The poet John Glassco lived in disguise, masquerading as a member of the gentry while writing pornography and reinventing his past.
As he approached his sixtieth birthday John Glassco might reasonably have thought that his life was a complete failure. He was a writer who had published almost nothing but two thin volumes of poetry and a couple of books of pseudonymous pornography. Living in isolation on a farm in the Eastern Townships of Quebec, he was unknown outside a small circle of Montreal poets. His wife was violently ill with schizophrenia and was starving herself to death. So deep was his despair that he was making plans to commit suicide once she had died.
Then, suddenly, his fortunes turned. Several literary projects that had been simmering for years reached a boil at the same time. In a single year, 1970, he published a bestselling memoir and an anthology of French-Canadian poetry in translation, not to mention another volume of pornography. What’s more, he met and fell in love with the woman who would become his second wife. And he followed up this string of successes the following year by publishing his Selected Poems, which beat out the collected poems of the much better-known Irving Layton for the Governor General’s Award. A decade earlier Glassco had confided to his journal: “I want the world to recognize me as something I suspect I am not, a man of real talent.” Now, much to his own surprise and at an age most people think of retirement, he had achieved the overnight success for which he had been struggling his entire life.
I encountered Glassco’s name for the first time when I was an aspiring young literato writing bad short stories in Vancouver and experiencing the conventional infatuation with the romance of expatriatism. Paris in the twenties was my dreamland. I read everything I could get my hands on by the usual suspects—Hemingway, Fitzgerald, Stein—but Glassco’s book Memoirs of Montparnasse instantly became my favourite. As a nineteen-year-old aesthete on the lam from his well-to-do Montreal family, Glassco ran away to Paris early in 1928 in the company of his friend and lover Graeme Taylor. During the two and half years he spent in France he didn’t do much—hung around the cafés, met a few minor notables, drank a lot, had love affairs—but in the pages of Memoirs, Glassco seemed to evoke all the romance of the literary life. It was amazing to me that such a sophisticated, witty memoir—by a Canadian, no less—was written by someone who was the same age as myself when I was reading it. Except that it wasn’t.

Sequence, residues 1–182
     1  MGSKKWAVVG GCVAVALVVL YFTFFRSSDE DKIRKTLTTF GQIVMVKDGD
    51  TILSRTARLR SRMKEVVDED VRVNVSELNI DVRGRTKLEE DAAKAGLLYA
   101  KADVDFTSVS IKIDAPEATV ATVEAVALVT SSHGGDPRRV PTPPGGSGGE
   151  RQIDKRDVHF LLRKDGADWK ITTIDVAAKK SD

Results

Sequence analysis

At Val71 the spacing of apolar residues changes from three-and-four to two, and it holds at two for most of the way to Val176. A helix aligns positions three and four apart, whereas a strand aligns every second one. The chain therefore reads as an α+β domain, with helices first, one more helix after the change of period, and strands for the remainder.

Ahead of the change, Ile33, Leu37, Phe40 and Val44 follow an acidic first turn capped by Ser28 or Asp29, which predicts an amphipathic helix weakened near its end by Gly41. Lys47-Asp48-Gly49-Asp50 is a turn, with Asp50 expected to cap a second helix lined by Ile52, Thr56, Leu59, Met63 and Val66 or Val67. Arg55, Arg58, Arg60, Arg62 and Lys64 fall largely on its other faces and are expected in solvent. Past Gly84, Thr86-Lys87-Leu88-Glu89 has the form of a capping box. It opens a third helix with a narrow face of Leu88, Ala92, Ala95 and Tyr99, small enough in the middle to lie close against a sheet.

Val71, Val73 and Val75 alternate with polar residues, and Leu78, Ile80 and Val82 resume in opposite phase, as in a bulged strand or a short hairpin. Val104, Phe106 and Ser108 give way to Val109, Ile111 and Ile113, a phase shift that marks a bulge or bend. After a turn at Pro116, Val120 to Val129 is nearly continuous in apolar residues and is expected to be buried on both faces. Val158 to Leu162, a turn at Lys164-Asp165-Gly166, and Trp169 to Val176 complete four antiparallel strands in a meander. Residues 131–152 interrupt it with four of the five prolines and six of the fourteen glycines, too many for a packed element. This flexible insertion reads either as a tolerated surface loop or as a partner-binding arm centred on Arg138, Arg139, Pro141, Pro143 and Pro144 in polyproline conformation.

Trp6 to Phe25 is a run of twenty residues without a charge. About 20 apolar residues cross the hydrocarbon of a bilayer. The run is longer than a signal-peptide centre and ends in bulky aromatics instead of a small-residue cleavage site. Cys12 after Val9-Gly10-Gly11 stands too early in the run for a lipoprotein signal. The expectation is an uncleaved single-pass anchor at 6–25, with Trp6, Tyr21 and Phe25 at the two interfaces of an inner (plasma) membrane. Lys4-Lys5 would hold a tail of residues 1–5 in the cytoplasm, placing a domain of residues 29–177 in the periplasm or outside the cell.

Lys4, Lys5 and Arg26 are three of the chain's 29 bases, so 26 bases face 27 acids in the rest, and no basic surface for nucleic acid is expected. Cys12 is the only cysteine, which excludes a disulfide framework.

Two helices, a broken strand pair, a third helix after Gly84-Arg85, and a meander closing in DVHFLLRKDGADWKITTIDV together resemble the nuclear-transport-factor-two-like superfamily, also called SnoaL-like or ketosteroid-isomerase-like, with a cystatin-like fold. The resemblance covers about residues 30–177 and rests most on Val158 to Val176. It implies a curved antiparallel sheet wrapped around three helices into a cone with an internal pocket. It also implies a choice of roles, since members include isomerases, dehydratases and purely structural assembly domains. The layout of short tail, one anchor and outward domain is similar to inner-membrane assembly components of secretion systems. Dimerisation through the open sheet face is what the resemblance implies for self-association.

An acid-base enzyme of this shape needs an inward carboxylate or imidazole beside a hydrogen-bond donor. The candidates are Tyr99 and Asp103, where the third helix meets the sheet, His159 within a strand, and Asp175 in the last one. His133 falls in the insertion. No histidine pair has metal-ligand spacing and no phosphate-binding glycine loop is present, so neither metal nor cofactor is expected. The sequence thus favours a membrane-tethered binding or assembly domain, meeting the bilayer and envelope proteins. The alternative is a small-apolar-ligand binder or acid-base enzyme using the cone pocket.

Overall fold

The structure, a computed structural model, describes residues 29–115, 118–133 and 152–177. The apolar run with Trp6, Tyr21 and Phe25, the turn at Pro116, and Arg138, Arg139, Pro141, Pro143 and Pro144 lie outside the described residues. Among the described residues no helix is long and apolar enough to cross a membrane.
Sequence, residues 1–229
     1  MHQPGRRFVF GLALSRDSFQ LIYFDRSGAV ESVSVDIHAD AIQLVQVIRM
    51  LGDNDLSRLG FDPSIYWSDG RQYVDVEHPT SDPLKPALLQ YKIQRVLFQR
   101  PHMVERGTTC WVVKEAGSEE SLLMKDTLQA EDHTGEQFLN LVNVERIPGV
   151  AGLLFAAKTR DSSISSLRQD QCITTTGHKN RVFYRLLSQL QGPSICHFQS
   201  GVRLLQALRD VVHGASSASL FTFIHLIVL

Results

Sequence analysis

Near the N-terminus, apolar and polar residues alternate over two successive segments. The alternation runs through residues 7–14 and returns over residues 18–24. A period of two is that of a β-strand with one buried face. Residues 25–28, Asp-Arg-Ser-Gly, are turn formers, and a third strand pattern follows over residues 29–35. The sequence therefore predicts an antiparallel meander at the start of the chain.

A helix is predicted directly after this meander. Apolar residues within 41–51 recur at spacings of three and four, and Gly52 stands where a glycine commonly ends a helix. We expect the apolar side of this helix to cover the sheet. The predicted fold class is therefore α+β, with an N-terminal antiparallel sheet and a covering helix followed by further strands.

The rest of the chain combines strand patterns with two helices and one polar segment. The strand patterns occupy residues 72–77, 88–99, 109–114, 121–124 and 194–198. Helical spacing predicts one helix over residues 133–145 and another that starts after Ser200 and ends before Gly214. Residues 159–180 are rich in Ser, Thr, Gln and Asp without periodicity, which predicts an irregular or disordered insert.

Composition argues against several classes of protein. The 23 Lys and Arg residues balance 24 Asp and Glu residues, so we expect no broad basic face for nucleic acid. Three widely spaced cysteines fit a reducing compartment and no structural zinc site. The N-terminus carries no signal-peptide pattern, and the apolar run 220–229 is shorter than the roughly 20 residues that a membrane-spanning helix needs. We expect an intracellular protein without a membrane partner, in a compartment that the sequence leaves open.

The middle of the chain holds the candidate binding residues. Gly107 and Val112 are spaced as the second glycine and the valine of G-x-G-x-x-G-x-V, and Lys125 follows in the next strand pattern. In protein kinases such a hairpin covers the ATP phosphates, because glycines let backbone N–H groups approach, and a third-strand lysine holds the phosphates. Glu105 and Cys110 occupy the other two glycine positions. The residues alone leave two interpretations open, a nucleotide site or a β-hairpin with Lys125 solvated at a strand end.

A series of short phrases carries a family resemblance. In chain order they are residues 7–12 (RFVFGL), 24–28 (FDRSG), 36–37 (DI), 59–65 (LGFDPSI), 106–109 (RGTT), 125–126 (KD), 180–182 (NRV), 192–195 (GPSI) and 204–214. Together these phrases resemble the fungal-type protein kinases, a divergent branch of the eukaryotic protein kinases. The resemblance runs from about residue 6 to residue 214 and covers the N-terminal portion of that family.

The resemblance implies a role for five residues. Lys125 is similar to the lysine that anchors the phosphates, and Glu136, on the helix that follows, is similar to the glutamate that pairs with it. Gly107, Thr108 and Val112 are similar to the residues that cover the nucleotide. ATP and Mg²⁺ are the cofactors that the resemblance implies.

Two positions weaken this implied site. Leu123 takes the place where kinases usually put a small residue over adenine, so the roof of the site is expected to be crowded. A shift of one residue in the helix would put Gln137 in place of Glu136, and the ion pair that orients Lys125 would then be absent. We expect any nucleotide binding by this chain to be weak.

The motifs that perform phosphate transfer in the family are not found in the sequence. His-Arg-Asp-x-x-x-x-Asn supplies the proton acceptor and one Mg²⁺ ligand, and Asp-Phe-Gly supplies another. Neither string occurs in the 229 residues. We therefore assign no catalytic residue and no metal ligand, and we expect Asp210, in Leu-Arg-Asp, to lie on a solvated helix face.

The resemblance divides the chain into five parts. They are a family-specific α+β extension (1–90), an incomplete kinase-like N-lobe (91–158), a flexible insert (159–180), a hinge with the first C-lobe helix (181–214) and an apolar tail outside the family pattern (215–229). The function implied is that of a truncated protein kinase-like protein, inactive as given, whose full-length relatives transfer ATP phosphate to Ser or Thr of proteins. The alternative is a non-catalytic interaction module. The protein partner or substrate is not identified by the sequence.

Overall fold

When Memoirs appeared in 1970 the critics more or less accepted the author’s version of its creation. Glassco’s Parisian idyll had come to a sudden end in the summer of 1930 when he learned that he had contracted tuberculosis. He entered hospital in France, and that winter his mother sent a doctor and a private nurse to Europe to bring him home to Montreal, where he remained bedridden for many months. The fiction that he later invented was that he wrote Memoirs at that time, not knowing whether he would recover, then left the typescript forgotten in an attic for four decades before publishing it more or less unchanged. The fact that it was written under the shadow of death is what gave Memoirs its feeling of immediacy, even urgency, said the critics, most of whom greeted it with glowing reviews. The Montreal poet Louis Dudek called it “the best book of prose by a Canadian that I have ever read.”